Applying for a mortgage can be an incredibly stressful process. However, one of the things that can reduce the stress associated with it is fully understanding what kinds of circumstances will affect whether or not you ultimately qualify for a loan and at what interest rate. Indeed, this process is relatively in-depth, and there are a variety of factors that go into determining whether or not you qualify for a mortgage loan. Here is a look at three such factors.
Your credit score is the closest thing to an overall, cumulative credit history that lenders have available. A high credit score indicates a variety of positive credit-related factors, including a lack of delinquencies, positive payment history, a low debt-to-income ratio, and more. Lenders are far more likely to offer loans to individuals with high credit scores than to people with low ones. You should find out if qualitative and environmental factors apply to CECL, which stands for Current Expected Credit Losses. This relatively new change in accounting standard may have an impact on your mortgage.
How much income you and any other mortgage applicants make is key to ultimately determining whether or not you qualify for a mortgage loan. This is for obvious reasons - a mortgage holder will want to make sure that you will be able to afford your mortgage payments. On a related note, your income is important, but so is your debt. Having a high amount of debt, particularly when compared to your income, may scare off potential mortgage lenders because it may show a pattern of irresponsible spending and an inability to make payments on a loan in the future.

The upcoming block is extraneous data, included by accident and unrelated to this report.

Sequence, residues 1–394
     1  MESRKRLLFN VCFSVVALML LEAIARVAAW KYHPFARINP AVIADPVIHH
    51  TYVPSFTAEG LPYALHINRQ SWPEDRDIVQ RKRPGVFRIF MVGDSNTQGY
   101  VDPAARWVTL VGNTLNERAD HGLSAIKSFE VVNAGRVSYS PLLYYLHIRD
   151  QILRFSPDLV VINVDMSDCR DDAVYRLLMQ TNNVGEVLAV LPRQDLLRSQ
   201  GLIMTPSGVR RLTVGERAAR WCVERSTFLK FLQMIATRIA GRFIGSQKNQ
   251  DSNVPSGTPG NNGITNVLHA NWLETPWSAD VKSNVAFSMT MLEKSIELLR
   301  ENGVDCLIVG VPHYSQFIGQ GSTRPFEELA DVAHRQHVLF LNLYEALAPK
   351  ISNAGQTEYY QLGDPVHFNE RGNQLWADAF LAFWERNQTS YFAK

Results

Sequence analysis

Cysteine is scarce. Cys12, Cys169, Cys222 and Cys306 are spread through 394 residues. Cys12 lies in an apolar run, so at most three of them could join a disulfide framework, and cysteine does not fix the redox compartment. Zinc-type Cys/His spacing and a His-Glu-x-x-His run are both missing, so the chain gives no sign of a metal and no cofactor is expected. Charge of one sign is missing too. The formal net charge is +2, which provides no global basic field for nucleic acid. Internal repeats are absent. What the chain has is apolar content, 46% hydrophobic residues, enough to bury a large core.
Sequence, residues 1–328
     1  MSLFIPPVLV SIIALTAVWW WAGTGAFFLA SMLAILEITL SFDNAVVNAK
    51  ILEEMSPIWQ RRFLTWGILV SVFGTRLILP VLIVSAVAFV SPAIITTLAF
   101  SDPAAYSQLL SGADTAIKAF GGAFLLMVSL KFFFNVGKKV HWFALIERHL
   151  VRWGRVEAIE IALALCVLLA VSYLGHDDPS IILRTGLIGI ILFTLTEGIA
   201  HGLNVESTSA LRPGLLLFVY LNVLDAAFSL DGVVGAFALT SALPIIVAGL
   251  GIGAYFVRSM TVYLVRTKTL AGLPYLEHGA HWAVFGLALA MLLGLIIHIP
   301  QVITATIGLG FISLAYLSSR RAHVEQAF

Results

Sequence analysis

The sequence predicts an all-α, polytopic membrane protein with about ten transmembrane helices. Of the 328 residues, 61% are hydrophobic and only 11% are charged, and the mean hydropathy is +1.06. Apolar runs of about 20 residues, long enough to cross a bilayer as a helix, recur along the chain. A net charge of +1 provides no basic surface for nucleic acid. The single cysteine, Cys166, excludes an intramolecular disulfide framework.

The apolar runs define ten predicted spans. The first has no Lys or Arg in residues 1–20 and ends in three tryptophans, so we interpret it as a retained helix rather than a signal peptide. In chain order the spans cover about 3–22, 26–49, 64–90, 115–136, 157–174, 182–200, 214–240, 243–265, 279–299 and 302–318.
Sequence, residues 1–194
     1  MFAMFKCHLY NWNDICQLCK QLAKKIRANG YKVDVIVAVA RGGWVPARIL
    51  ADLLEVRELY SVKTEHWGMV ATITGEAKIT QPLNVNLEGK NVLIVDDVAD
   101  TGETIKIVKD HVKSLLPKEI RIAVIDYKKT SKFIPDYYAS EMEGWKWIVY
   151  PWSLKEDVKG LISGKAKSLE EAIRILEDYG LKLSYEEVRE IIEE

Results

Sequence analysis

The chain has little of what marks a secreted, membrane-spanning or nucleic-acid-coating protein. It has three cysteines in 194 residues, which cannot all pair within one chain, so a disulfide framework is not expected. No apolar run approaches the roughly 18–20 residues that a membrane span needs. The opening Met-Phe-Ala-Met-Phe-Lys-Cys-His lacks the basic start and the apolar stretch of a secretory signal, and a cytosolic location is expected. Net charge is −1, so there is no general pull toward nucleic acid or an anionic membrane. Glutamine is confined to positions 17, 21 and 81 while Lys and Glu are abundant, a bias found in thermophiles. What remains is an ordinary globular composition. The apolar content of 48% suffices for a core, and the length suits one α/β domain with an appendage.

There is no magic number, but, generally speaking, mortgage lenders want to see a stable work history before making a loan offer. This is because a rock-solid history shows you have an ability to hold down a job, to make a steady income, and ultimately to be a good investment for a mortgage company. Gaps or lay-offs are not the end of the world, but it is important that you can show consistent employment in your work history.
Remember, every lender is different and examines risks in different ways. Some factors that barely matter to one lender may differ to another. Your best bet is to work with a mortgage broker that will direct you to a lender who will best satisfy your individual circumstances. For your best mortgage broker result, click here.